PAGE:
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No smoke without you, my fire.
After you left,
your cigarette glowed on in my ashtray
and sent up a long thread of such quiet grey
I smiled to wonder who would believe its signal
of so much love. One cigarette
in the non-smoker’s tray.
As the last spire
trembles up, a sudden draught
blows it winding into my face.
Is it smell, is it taste?
You are here again, and I am drunk on your tobacco lips.
Out with the light.
Let the smoke lie back in the dark.
Till I hear the very ash
sigh down among the flowers of brass
I’ll breathe, and long past midnight, your last kiss.

(Edwin Morgan, One Cigarette)

William Topaz McGonagall, poet and tragedian of Dundee, has been widely hailed as the writer of the worst poetry in the English language.

‘Twas Christmastide in Germany,
And in the year of 1850,
And in the city of Berlin, which is most beautiful to the eye;
A poor boy was heard calling out to passers-by.
“Who’ll buy my pretty figures,” loudly he did cry,
Plaster of Paris figures, but no one inclined to buy;
His clothes were thin and he was nearly frozen with cold,
And wholly starving with hunger, a pitiful sight to behold.

And the twilight was giving place to the shadows of approaching night,
And those who possessed a home were seeking its warmth and light;
And the market square was dark and he began to moan,
When he thought of his hungry brother and sisters at home.

Alas! The poor boy was afraid to go home,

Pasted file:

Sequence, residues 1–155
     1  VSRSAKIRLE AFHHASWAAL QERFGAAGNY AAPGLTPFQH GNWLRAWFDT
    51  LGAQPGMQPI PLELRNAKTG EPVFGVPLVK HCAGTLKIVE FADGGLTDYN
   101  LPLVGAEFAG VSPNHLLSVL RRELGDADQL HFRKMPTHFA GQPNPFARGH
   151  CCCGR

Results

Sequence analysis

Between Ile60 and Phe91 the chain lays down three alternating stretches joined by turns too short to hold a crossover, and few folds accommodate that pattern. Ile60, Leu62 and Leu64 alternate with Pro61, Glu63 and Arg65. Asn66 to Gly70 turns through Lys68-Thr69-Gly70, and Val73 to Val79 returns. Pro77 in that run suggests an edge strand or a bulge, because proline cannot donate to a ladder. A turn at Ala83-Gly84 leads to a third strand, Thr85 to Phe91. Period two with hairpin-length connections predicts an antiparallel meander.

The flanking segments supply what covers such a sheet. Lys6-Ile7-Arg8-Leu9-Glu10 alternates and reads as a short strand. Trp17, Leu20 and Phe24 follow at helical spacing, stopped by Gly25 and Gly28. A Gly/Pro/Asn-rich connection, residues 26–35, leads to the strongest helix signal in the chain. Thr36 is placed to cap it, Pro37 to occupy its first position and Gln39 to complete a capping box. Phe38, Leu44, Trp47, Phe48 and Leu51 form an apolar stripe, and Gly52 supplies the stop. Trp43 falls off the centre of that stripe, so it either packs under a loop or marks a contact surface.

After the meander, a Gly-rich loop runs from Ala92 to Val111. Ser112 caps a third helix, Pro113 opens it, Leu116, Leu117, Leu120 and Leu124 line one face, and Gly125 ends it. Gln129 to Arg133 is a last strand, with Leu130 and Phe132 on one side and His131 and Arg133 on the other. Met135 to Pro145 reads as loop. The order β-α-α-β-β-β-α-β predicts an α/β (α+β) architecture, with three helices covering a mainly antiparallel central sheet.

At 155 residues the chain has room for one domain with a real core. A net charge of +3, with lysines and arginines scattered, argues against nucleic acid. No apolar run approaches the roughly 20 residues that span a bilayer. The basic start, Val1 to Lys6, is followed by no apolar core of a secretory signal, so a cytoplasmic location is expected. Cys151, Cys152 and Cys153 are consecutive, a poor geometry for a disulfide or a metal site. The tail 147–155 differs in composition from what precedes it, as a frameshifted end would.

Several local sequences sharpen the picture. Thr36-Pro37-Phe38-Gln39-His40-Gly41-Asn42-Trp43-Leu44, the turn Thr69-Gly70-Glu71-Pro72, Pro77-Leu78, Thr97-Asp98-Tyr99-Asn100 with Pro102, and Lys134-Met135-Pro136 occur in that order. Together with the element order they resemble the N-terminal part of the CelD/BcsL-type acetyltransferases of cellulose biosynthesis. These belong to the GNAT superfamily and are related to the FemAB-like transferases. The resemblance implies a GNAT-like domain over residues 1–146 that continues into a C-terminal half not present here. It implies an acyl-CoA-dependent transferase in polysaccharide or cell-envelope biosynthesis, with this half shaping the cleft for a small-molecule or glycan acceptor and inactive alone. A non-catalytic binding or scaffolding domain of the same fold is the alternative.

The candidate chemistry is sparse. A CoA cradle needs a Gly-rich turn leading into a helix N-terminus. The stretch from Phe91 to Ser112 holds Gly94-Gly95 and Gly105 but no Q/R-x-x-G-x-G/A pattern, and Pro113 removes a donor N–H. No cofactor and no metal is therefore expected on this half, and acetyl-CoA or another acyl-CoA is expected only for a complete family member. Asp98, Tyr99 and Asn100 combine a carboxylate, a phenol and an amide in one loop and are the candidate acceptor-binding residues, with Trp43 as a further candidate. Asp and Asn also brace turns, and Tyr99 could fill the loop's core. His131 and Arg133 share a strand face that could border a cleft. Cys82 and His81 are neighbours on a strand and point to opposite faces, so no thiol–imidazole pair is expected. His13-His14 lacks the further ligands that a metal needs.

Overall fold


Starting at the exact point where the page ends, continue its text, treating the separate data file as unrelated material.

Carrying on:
O, Heaven! hard was his lot, for money he’d none;
And the tears coursed down his cheeks while loudly he did cry,
“Buy my plaster of Paris figures, O! please come buy.”

It was now quite dark while he stood there,
And the passers-by did at the poor boy stare,
As he stood shivering with cold in the market square;
And with the falling snow he was almost frozen to the bone.
And what would it avail him standing there alone,
Therefore he must make up his mind to return home.

Then he tried to hoist the board and figures on to his head,
And for fear of letting the board fall he was in great dread;
Then he struggled manfully forward without delay,
But alas! He fell on the pavement, O! horror and dismay.

And his beautiful figures were broken and scattered around him,
And at the sight thereof his eyes grew dim;
And when he regained his feet he stood speechless like one bowed down,
Then the poor boy did fret and frown.

Then the almost despairing boy cried aloud,
And related his distress to the increasing crowd;
O! What a pitiful sight on a Christmas eve,
But the dense crowd didn’t the poor boy relieve,

Until a poor wood-cutter chanced to come along,
And he asked of the crowd what was wrong;
And twenty ready tongues tells him the sad tale,
And when he heard it the poor boy’s fate he did bewail.

And he cried, “Here! Something must be done and quickly too,
Do you hear! Every blessed soul of you;
Come, each one give a few pence to the poor boy,
And it will help to fill his heart with joy.”

Then the wood-cutter gave a golden coin away,
So the crowd subscribed largely without delay;
Which made the poor boy’s heart feel gay,
Then the wood-cutter thanked the crowd and went away.

So the poor boy did a large subscription receive,
And his brother, mother, and sisters had a happy Christmas eve;
And he thanked the crowd and God that to him the money sent,
And bade the crowd good-night, then went home content.